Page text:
- Are there rules governing the type of panels?
- Are there rules governing the placement of conduits, inverters, or other related electrical equipment?
Plan your application process
Customers are more likely to trust companies that have knowledge and a detailed approach towards a project. Solar installers can reassure customers by providing examples of successful installations in gated communities, where they had to seek approval of HOAs. With detailed documentations, images of prospective plants and ironclad agreements, HOA approvals can be ensured. A hiccup-free installation requires an efficient operations team that can process and analyze paperwork quickly and thoroughly.
In case you, the homeowner, are met with unreasonable restrictions on your solar plans, you can convince your neighbors to join your cause. Make your case to others around you, highlight the mutual benefits of solar, cite your state’s solar access laws and showcase examples of other homeowners around you who have successfully gained their HOA’s approval. Once enough support has been gathered, you can meet with your HOA, present your case to them and ask for changes in their solar policies. This entire process expects polished communication with both sides being able to freely express their concerns.
In certain cases, rules by the HOA require you to think outside the box. If permanent mounting structures are not allowed, look at ballasted structures as a possibility. If rooftop solar systems are restricted, maybe customers can opt for ground-mounted systems. As for aesthetics, many HOAs prefer solid black panels instead of ones with white paper backing and a silver frame. As seen in Figure 2, flush mounted panels can be integrated seamlessly with the rooftop without any of the chunky accessories or mounts.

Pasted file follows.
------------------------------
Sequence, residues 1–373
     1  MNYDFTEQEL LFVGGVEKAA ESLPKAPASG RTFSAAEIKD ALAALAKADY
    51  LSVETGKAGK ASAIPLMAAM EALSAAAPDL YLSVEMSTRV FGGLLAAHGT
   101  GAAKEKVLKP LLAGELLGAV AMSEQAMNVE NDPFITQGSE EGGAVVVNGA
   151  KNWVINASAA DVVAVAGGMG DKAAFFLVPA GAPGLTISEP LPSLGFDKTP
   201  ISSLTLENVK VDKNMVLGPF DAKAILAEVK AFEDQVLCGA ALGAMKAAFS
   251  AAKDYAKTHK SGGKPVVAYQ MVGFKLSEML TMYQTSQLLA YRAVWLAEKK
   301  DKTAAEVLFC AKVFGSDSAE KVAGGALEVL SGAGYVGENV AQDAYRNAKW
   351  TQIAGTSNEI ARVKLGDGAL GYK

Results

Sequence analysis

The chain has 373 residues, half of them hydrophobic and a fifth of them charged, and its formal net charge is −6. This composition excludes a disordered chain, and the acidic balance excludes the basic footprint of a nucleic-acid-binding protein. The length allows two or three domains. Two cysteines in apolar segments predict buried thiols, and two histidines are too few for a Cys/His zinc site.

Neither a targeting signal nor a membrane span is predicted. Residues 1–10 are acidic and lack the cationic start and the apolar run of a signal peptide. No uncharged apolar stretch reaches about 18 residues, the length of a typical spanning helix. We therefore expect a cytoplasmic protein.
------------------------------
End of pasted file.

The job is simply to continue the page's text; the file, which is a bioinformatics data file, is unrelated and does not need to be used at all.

Spread the word
Myths around solar installations are widespread, specially in states like Indiana. Laura Ann Arnold of the Indiana Distributed Energy Alliance (Indiana DG) says that “The solar industry as a whole needs to stay vigilant on HOA issues and work to educate the public as more people want to go solar.”. This means providing potential customers with information about their state’s restrictions. It also involves educating HOA members about removing outdated rules and accepting the shift to solar. The productivity and economic impacts of placing rooftop panels on north facing roofs have to be communicated clearly.
“The solar industry needs to be proactive to educate prospective homeowners to ask questions about solar prohibitions and restrictions before they buy a new home.” says Arnold. As a solar contractor, you can guide your customers through this process better when you are armed with knowledge about solar access rights. Better knowledge translates to better sales. As a customer, you can fast-track your approval by educating your neighbors and board members. The efficiency of this largely depends on cooperation and consensus.